The barrel of the MAR is chrome hardened. The operation system is from the Kalashnikov with a rotating bolt, blocked by locking the two lugs of the bolt head into the receiver, machined from a block of steel. Unlocking is activated by a gas piston mechanism operated by a short piston secured to the carrier. The very wide extractor is placed in the front of the bolt face, as on the Kalashnikov.

The selector is ambidextrous with a lever on the right at the AK standard, three positions (S-Safe, A- Automatic, R-Repetition- semi-automatic) and a thumb selector on the left side above the grip. The position S blocks the carrier and the trigger, cartridge chambered or not, hammer cocked or not. It does not have an open bolt hold-open. The handguard is designed with care because it is short, needing a good grip for the shooter’s protection so close to the muzzle of the barrel. On the latest models, it can accept accessories such as a high-power light or a laser designator.

Galil magazines also fit in the Micro Galil. They are well designed. They look a lot like Kalashnikov magazines but are for 5.56 NATO cartridges so the curve is different. Capacity varies from 5 to 50 rounds, though the most common version is 35 rounds. A special IMI adapter allows the use of M16 magazines, with the aim of making weapons used by the same army as compatible as possible between them. 30-round composite magazines are now available from Tapco USA.

High Modularity, Quick and Easy Disassembly

The charging handle is designed to be operated by either right-handed or left-handed shooters with a button that rises above the bolt cover for easy grip. The right-handed shooter can arm his bolt with his left hand without releasing the grip.

The MAR disassembly is very simple, just like with other Galils. After removing the magazine, checking that the chamber is empty, the top cover is removed from the receiver pushing a button at the rear of the weapon. Then remove the action spring and its guide rod. The bolt carrier assembly is retracted, then lifted upwards from the receiver. The rotating bolt itself disassembles from the carrier by pulling it forward in a rotating motion (after the gas piston cylinder slides backwards).

The installation of an optic is possible once the IMI military mount is placed on the left side of the receiver. With this standard mount, Israeli standard optics are mounted to the left, which is very difficult for left-handed shooters. The Picatinny rails installed on recent versions are preferable—one on the top cover, the other on the gas tube. These rails can be used, among other things, to place an Israeli-made red dot sight without battery, called a Mepor 21. Our version is not equipped with rails, but the European distributor could install these on request by welding in place.

All Galils can be delivered with Black-T finish. It is a unique, special coating that protects guns against rust and external aggressions such as seawater, humidity and heat. This coating is made from several polymers but is applied in thin layers on the weapon, which does not alter its operation. Friction between moving parts is reduced which makes lubrication redundant. It protects shock and temperatures up to 163 °C, which does not spoil anything. This Black-T finish gives weapons a solid and aesthetic finish. It can be had in black or green NATO. Mini-Uzis treated like this are used by some French combat swimmers.

2008: Presentation of the New Galil or ACE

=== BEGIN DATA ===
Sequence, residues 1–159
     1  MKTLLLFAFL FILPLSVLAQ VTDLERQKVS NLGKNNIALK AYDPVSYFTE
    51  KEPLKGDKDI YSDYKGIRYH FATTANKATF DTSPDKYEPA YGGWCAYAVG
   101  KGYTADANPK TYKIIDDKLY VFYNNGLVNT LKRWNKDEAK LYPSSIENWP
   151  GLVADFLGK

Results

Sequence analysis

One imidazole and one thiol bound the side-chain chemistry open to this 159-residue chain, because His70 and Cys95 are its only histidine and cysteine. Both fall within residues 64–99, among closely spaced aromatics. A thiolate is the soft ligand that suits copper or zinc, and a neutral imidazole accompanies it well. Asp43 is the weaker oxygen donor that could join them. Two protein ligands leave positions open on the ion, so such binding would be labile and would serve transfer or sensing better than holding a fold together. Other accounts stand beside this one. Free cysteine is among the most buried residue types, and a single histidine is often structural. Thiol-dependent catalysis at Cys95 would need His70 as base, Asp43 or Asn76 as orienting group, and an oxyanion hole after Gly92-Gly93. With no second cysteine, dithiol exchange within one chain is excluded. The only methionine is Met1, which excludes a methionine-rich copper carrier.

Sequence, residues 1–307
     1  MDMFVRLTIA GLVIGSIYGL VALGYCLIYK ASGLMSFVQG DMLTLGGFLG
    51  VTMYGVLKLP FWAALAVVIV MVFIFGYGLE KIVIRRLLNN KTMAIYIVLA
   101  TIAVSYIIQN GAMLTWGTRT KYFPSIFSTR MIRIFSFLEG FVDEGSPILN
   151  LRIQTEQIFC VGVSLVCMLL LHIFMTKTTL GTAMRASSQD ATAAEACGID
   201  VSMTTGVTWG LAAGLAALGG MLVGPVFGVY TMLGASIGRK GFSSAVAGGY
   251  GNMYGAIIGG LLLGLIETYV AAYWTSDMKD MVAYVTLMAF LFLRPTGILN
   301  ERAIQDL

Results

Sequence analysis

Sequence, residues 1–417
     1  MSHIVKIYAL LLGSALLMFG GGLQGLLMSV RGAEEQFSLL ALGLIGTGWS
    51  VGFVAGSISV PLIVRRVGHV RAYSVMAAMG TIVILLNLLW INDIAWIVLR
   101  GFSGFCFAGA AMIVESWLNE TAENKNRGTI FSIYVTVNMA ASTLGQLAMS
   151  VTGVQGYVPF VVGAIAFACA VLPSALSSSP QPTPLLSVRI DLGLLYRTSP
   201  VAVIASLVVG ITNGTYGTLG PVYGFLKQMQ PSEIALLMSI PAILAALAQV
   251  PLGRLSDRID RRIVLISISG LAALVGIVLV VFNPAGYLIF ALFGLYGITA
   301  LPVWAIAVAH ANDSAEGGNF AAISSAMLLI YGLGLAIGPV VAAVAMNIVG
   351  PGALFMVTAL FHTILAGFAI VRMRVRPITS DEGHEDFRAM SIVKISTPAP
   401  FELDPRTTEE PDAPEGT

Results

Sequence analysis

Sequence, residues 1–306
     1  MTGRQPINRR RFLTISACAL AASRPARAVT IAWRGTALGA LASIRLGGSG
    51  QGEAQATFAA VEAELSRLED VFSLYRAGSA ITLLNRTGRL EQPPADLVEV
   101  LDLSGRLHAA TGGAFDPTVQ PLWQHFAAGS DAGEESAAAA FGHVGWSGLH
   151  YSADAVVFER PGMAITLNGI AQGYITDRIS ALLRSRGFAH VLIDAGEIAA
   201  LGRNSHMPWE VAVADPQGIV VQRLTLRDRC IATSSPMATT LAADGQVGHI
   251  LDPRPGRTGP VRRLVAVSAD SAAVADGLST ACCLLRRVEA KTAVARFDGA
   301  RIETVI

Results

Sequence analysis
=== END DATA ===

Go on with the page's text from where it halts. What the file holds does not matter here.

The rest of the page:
Everything has been designed so that the Micro Galil is practical and effective from the moment of purchase: the weapon itself by its design plus its small size, its contained weight, its light-weight stock with simplified opening and its high capacity magazines. The manufacturing qualities, the marksmanship results, the flawless operation (no problems in our test), the ease of disassembly, the reliability, and the weather resistance make IMI products professional weapons. Valuable feedback from end users has led to the development of this comprehensive, reliable and proven weapon system renowned around the world.

The Galil is in service in many countries, such as Portugal, Italy, Estonia, Bolivia, Chile, Colombia, Costa Rica, Guatemala, Dominican Republic, Peru, Paraguay, Salvador, Haiti, Honduras, Mexico City, Ivory Coast, Cameroon, India, Nepal, Indonesia, Mongolia, Burma, Philippines, Sudan, Thailand, Trinidad and Tobago. They are also manufactured under license by the following brands: Famae in Chile, Indumil in Colombia, RPC Fort in Ukraine, Z111 Factory in Vietnam and Vektor in South Africa with the R4, R5 and R6.

The Galil and Micro Galil are now offered (since 2008) by Israel Weapon Industries (IWI) under the name Galil ACE, in 5.56 NATO, 7.62x39 and 7.62 NATO, to meet multiple armies’ needs. The weight of the ACE has been reduced compared to the first Galil, but for the MAR, the weight remains the same with 3.0kg. They are based on the Galil design, but they are more modern and have accessories designed to make shooting more instinctive and more precise. They retain their reliability in combat conditions, with their strength and ease of maintenance. They now have a bolt stop at the end of the magazine.

ACEs have a six-position M4 buttstock, so they can receive all accessories made for this stock type. They accept a rail on the rear cover, as well as a rail on the front gas piston tube, which was lacking in the Micro Galil. The Belgian distributor for Europe, Samson Europe, had prepared gas tubes with a welded Picatinny rail for the assembly of Aimpoint or other scopes.

Surprisingly, the MAR has not been very successful among Israeli Special Forces. The compactness of the Galil has resulted in it being used as a personal defense weapon (PDW) by armored units or by artillery, because its small size facilitates its handling. Israel receives a lot of American equipment and has adapted well by manufacturing multiple accessories and spare parts for the M16 and M4.

This article first appeared in Small Arms Review V22N4 (April 2018)
and was posted online on February 23, 2018